In 2008, space writer James Oberg said it was unlikely that NASA had any such documents because he thought it was very likely that the “NASA team” that investigated the site was actually made up of Air Force members who said they were from NASA. This was a common thing for military members in civilian clothes to do in the 1960s. He also said that Kean’s action was nothing more than a “publicity stunt” for Kean’s bosses.
John Ventre of MUFON and Shafton native Owen Eichler say that their recent research has led them to think that the object that was said to have landed in Kecksburg was “a General Electric Mark 2 Re-entry Vehicle that had been launched by the Air Force as a spy satellite but fell out of orbit.” However, “we need confirmation from NASA or the Air Force,” they say.
NASA’s most recent statements about a link to a Soviet satellite are less positive:
Some people think that the fireball seen over southwestern Ontario, Canada, and at least eight states from Michigan to New York on December 9, 1965, was caused by the reentry of a Cosmos 96/Venera-type spacecraft. Photos and reports of the fireball showed that its path through the atmosphere was probably too steep for it to have been a spacecraft re-entering Earth’s atmosphere. Instead, it was probably a meteor in a prograde orbit from the area of the asteroid belt, and its flight probably ended over western Lake Erie. The U.S. Air Force’s tracking data on Cosmos 96 also show that the spacecraft’s orbit changed before 9 December at 21:43 UT. Other unconfirmed reports say the fireball landed in Pennsylvania southeast of Pittsburgh near the town of Kecksburg (40.2 N, 79.5 W) at 4:46 p.m. EST (although estimating the impact point of fireballs from eyewitness accounts is notoriously inaccurate). It’s hard to say for sure if the fireball was the Cosmos 96 spacecraft because there are some unknowns about its orbit, reentry coordinates, and time.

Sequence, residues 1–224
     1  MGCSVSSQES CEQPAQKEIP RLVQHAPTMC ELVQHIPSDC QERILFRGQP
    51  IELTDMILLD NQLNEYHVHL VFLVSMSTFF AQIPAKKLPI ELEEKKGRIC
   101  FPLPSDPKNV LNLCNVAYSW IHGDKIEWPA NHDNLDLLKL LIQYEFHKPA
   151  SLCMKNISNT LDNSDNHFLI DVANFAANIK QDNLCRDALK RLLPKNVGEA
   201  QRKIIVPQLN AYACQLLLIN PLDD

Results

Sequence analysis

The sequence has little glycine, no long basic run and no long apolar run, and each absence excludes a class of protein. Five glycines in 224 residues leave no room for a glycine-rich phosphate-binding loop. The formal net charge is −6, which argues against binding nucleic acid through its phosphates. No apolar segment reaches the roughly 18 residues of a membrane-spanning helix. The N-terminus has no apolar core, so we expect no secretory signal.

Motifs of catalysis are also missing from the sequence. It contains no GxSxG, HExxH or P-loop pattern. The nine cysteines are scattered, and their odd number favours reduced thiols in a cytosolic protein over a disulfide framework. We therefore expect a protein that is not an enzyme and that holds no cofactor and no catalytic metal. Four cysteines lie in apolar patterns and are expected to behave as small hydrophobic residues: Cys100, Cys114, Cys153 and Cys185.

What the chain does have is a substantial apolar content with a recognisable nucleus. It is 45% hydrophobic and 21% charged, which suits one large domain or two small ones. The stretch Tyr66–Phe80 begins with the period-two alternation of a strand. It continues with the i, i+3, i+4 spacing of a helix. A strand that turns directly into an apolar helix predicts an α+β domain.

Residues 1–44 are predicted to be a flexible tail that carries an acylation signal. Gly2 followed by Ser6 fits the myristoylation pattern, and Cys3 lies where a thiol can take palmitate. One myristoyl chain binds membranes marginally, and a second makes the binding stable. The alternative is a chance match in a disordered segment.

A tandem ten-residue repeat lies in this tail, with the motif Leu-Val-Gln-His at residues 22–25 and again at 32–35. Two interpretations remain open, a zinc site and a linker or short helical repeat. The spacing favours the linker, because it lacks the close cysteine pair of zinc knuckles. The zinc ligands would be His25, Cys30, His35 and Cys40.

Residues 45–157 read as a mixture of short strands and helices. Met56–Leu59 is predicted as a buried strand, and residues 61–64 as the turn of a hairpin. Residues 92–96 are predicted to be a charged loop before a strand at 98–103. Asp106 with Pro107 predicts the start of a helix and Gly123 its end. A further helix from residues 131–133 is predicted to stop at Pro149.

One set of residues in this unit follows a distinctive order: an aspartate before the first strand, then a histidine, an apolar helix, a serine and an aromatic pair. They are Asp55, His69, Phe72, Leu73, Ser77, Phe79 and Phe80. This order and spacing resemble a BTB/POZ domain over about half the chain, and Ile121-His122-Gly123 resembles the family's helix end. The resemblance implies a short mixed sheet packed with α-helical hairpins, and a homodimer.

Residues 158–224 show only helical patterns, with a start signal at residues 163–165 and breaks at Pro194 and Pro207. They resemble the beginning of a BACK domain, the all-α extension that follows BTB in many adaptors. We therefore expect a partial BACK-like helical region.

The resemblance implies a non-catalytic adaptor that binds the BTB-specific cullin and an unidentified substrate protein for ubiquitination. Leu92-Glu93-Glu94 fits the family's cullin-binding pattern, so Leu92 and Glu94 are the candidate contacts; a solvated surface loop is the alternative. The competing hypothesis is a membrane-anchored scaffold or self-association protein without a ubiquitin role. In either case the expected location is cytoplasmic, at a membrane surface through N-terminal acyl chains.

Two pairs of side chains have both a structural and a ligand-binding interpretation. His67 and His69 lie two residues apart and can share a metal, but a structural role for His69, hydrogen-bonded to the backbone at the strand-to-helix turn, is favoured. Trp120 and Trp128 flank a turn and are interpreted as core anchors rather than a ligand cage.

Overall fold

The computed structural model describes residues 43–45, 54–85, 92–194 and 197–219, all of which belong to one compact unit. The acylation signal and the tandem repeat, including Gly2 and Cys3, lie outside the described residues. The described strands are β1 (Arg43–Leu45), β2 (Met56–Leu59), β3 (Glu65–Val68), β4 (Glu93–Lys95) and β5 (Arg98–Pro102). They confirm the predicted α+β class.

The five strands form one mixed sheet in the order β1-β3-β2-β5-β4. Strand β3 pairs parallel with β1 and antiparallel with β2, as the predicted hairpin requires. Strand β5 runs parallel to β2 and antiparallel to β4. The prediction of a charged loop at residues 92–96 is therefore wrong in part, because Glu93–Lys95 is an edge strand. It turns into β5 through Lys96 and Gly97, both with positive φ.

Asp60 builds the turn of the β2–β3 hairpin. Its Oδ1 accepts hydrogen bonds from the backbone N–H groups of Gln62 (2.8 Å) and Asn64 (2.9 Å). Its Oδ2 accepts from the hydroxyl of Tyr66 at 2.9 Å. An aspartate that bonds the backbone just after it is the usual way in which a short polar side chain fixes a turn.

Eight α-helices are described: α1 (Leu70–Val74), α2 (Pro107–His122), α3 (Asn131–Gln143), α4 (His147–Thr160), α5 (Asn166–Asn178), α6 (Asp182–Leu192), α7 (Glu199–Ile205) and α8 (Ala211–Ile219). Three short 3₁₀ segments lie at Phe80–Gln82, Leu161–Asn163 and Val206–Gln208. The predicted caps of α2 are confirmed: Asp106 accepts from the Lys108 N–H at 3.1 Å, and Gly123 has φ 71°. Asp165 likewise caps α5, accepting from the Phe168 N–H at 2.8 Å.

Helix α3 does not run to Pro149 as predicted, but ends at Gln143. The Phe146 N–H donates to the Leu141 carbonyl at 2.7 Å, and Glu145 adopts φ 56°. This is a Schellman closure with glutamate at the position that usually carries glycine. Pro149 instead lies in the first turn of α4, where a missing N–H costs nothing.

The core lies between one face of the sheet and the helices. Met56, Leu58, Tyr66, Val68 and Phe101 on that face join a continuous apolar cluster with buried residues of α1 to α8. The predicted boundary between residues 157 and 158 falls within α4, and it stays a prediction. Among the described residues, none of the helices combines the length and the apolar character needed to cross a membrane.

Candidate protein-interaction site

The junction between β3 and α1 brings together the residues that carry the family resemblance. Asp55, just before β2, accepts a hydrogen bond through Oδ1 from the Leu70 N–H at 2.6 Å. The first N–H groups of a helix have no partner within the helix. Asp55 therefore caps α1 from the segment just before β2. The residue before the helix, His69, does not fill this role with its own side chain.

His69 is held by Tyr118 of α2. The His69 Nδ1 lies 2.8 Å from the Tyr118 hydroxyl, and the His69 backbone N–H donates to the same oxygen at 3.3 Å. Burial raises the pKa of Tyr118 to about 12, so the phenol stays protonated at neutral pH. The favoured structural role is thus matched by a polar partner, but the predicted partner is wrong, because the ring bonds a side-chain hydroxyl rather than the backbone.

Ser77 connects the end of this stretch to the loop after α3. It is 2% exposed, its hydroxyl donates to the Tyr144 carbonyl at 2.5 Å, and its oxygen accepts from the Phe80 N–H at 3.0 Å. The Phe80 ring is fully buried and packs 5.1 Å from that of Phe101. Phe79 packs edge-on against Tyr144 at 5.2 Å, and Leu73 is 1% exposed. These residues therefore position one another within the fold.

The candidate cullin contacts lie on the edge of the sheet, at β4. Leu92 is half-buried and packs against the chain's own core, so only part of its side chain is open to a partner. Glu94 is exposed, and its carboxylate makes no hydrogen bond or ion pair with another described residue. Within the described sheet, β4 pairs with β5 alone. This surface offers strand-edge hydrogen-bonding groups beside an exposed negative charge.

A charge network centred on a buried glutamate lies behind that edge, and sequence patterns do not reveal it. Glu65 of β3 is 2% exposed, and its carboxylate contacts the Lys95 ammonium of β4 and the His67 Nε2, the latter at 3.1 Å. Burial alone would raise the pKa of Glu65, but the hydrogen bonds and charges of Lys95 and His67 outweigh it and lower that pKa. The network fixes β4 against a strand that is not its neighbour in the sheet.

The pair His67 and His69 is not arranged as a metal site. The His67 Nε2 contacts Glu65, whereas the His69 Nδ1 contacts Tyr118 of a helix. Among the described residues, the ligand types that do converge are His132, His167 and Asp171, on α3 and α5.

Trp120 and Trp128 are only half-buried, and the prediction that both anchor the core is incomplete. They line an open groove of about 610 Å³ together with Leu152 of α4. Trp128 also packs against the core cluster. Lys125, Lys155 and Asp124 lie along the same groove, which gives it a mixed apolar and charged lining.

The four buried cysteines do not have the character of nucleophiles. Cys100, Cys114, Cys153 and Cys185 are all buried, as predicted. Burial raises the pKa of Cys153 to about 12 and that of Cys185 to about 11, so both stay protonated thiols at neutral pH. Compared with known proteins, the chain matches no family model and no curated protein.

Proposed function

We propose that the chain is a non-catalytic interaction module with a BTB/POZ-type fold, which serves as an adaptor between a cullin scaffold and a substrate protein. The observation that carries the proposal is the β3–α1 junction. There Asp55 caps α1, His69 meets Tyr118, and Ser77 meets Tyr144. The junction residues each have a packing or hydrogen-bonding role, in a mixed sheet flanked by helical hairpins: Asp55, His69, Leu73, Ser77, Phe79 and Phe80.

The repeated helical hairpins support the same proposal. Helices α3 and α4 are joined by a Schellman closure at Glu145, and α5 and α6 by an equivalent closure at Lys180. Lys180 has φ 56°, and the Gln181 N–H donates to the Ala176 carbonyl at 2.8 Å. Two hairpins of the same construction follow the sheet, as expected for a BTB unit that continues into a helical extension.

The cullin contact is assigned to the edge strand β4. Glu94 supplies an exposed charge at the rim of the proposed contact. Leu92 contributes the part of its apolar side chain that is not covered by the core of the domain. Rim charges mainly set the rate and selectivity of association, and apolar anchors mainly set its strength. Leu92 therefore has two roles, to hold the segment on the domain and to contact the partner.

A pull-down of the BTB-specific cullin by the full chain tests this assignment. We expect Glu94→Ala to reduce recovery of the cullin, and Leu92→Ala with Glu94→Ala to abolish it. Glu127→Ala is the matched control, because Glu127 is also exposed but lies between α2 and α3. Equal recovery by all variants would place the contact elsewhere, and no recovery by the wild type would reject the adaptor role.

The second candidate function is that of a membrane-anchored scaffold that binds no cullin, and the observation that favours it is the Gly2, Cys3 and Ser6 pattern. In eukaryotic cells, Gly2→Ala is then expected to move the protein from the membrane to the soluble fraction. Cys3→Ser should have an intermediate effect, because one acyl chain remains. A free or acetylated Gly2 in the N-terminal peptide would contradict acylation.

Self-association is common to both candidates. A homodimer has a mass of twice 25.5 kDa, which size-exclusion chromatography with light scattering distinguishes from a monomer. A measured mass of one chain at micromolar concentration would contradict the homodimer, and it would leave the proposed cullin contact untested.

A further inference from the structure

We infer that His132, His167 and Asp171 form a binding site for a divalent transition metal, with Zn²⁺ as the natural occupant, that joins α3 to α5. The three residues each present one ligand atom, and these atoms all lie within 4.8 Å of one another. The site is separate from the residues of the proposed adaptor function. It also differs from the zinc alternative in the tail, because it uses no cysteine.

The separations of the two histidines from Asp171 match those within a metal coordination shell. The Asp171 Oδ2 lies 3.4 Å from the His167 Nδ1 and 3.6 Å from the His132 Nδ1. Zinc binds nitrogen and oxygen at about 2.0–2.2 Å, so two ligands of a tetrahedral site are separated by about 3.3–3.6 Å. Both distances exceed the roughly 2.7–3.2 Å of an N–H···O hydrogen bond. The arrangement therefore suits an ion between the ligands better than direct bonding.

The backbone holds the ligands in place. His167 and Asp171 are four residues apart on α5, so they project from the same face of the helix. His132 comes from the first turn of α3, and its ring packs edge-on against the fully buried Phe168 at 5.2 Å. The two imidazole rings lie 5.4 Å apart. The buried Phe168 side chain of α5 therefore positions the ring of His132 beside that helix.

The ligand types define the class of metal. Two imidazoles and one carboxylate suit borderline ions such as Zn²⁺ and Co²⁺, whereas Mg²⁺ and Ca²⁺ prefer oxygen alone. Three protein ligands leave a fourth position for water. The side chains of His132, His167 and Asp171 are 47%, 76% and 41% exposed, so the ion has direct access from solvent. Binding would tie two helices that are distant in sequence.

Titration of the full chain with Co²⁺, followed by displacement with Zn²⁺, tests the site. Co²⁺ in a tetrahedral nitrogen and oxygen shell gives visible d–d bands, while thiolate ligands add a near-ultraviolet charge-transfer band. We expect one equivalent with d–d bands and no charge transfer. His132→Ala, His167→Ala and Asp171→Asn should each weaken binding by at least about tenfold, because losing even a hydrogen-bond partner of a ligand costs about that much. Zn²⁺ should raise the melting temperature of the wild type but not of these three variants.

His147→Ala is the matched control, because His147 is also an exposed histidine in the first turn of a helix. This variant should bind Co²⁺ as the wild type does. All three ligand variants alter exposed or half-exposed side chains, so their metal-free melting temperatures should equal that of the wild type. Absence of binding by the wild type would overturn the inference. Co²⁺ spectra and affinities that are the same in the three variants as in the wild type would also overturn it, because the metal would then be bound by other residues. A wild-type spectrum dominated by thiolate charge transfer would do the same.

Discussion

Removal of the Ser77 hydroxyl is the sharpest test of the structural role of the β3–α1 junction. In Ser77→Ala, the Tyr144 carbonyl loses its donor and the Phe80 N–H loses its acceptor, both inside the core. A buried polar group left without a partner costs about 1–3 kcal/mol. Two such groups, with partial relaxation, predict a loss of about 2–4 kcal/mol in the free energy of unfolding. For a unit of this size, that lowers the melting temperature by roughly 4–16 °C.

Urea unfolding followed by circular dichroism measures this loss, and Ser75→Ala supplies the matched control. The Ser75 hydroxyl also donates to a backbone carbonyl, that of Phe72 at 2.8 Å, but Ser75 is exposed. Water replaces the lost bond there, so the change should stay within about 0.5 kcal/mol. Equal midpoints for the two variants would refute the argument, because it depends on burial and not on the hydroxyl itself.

Witnesses Claim The Fallen Object Appeared To Be Intelligently Made And Not A Meteorite
People in the small western Pennsylvania town of Kecksburg said they saw the object crash into the woods near the town. Today, many people think this was just an optical illusion and that the object could not have landed in that area. However, at the time, the US Army took the sightings very seriously.
The area was eventually blocked off with a rope, and people who went into the woods to see what was falling were sent away by armed men. The Army said that nothing was found when they looked in the woods near Kecksburg. This claim is disputed by witnesses.
Bill Bulebush says he saw the object in the sky turn around “like it was being controlled” before it crashed into the woods. He drove out to see what was going on and found something that looked like an acorn burning in the woods. Bulebush was scared by the way it shone, cracked, and sparked, so he didn’t get too close to it. When he heard people coming, he ran home.
James Romansky saw it too. He said that he and a group of volunteer firefighters found the object in the woods when they were called to what they thought was a plane crash. Instead, he found a strange metal object covered in hieroglyphics that was buried in the ground.
Romansky says that mysterious men in trench coats then told him to leave, and that he later saw the military take the thing away on a flatbed truck. Several people later saw this flatbed truck, which was carrying something strange, leave the area. Also, an Air Force security officer named Michael Rambacher said he had watched over the object, which he said came on a flatbed truck and was not from this world.
People in the town who don’t believe these witnesses will, of course, attack and discredit them. Why did Bulebush run away? Can Romansky be trusted, given that he has been in trouble with the law? How about Rambacher, who is now a UFO researcher but says he has never seen the object for himself?
Does the fact that the stories are similar show that they are true? Even now, people in Kecksburg and all over the country still have a lot to say about these questions.